I think The Bakery has a bit of a feminine feel, like the best Grandma’s Kitchen in the world. Lacey shelf paper peeks out from under the many cookie jars and teapots on display. It is a place that really captures the best feelings of home. Laughter, safety, good food, friendship. There is always a smile for everyone, and it is never a problem for the staff to pull an entire tray out of the counter to give a customer that perfect roll or sandwich (nope, one to the right. No, not your right, MY right. There you go, that one is perfect!!) People are friendlier in The Bakery. When it's crowded during a rush, folks will scoot over and invite you to pull up a chair at their table. When someone gets up to refill their coffee cup, it isn't unusual for them to walk the table circuit, offering refills to everyone else who has a cup.

When Big Sprout was little, and known as simply Sprout, she and Grandpa used to go up to The Bakery quite regularly. Big Sprout would call it her "date" with Grandpa, and was so proud of her special time with him. We were always astonished when she would eat almost all of a cream cheese cinnamon roll and caramel roll at one sitting. Those things are HUGE! I worked two blocks away from the Bakery for a few years, and it became my favorite lunch spot. Little Sprout has discovered the joys of "dates" with Grandpa, and now requests visits to The Bakery on a regular basis.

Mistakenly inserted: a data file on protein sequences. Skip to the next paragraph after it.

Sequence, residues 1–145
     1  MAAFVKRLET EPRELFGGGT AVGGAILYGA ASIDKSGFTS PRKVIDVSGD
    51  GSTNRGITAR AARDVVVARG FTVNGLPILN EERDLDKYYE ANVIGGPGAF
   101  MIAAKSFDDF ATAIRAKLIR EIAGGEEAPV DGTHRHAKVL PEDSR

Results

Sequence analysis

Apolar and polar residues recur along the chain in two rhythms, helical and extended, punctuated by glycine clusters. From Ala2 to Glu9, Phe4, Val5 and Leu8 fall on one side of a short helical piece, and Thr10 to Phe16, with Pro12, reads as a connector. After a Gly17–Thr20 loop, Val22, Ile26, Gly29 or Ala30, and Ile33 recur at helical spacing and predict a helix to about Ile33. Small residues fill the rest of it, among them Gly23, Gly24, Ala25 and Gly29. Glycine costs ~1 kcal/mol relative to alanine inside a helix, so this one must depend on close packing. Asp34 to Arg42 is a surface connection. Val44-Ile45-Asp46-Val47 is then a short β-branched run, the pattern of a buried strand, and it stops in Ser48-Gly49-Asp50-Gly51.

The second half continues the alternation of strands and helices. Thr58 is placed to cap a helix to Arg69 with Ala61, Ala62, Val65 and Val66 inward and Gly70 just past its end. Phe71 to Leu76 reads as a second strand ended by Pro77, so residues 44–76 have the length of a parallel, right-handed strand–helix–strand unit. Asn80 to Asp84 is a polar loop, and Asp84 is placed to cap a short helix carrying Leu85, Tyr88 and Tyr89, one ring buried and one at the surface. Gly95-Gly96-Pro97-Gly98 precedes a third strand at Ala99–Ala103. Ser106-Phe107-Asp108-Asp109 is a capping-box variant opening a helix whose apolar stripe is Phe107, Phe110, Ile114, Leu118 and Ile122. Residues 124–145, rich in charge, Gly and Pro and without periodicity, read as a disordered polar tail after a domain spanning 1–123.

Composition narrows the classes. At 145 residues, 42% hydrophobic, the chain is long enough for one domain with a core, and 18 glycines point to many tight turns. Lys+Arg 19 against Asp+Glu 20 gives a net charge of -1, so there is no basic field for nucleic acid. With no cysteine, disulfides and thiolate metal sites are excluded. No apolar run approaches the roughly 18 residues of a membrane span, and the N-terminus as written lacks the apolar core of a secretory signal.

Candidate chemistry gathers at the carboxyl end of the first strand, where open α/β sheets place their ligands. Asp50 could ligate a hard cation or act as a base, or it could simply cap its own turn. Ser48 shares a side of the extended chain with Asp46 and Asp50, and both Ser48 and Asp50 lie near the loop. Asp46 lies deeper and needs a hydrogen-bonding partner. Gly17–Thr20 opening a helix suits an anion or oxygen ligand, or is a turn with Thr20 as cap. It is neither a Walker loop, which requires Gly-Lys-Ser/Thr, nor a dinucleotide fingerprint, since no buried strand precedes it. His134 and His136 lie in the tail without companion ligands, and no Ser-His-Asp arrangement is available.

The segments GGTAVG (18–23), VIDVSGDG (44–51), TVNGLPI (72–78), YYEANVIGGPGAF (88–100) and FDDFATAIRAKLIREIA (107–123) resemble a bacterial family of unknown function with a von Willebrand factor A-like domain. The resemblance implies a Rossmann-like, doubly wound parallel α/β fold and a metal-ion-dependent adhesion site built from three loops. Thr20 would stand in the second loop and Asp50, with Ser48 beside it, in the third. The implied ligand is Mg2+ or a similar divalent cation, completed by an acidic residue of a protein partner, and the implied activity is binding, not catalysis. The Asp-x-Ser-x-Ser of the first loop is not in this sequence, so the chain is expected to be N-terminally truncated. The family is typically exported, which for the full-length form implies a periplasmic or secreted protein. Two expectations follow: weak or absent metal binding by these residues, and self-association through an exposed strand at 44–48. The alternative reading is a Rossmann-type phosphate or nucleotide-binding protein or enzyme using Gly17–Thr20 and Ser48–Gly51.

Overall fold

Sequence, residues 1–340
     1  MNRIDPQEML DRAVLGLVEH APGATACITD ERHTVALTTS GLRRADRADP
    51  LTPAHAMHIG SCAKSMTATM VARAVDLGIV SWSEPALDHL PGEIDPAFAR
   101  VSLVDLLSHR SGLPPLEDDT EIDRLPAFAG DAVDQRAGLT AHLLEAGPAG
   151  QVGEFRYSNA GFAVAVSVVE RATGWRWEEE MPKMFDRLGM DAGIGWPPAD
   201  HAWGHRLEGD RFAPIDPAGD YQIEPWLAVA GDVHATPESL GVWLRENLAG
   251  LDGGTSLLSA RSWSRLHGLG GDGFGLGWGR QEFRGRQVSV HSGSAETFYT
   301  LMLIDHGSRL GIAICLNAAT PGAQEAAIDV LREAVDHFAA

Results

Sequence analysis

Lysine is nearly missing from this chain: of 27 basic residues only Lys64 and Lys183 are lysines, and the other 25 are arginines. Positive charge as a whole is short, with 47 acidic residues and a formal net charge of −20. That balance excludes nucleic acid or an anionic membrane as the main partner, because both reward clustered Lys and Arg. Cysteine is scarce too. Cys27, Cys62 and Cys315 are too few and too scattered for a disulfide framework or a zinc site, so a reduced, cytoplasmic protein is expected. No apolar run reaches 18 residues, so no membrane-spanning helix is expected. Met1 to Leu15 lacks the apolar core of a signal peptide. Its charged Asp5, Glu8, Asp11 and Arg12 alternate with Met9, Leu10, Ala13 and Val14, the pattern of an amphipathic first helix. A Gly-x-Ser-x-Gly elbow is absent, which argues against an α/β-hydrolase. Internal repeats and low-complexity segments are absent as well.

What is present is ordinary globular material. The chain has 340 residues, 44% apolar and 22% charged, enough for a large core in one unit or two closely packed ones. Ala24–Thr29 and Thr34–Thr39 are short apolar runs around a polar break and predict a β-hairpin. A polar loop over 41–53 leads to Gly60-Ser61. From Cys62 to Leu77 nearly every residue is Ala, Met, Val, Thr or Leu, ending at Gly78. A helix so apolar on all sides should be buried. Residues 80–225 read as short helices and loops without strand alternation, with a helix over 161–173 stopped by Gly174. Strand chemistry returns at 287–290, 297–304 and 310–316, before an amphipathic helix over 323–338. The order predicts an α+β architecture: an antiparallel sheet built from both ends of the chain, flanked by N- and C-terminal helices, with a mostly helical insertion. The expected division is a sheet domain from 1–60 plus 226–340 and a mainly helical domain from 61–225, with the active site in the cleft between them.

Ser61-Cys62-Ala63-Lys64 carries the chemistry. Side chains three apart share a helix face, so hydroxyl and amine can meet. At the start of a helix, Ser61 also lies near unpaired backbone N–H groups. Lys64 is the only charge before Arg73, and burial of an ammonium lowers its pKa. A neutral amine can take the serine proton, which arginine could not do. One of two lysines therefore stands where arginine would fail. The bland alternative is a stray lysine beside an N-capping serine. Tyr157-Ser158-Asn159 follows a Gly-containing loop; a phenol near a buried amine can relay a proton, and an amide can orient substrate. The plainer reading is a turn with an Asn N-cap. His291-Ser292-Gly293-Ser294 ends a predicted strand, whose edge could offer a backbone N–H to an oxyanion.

I am happy to live somewhere that little places like this still exist. It makes me smile when the gals working behind the counter remember my Sprouts and know what they like best. I love to walk in and smell the delicious scents of baking goodies. It feels good when the members of the Retired Farmers Guild play peek-a-boo with the baby at the next table.

It's a good place.

And that's all I have to say about that...


SciFiChick said...

What a wonderful post. It brings back memories of my own "Bakery"I haven't thought of that place in years. Thanks for sharing a beautiful story.

Kelli said...

Is this the bakery I know? ;)

Love the new look of your blog!

barefoot gardener said...

SciFiChick - Glad you enjoyed it!

Kelli - Why, yes, it is! Do you disagree with my description?

Thank you... I am loving the new options on Blogger! They are much easier to mess with than some of the other templates I have used in the past....

Fr. Peter Doodes said...

How lovely Barefoot, your description I mean. I can almost smell the baking and hear the atmosphere from here.

PS. I have every intention of Plagiarising that line "now spend the morning hours solving all the world’s problems over cinnamon rolls and coffee"!!

Emily Brisse said...

Great description! I just stumbled across your blog, but this post instantly made me feel at home. Our central Minnesota small town bakery had lines snaking out it's front doors every Saturday morning, and everyone--no matter how much of a hurry they were in--knew the wait would be worth it.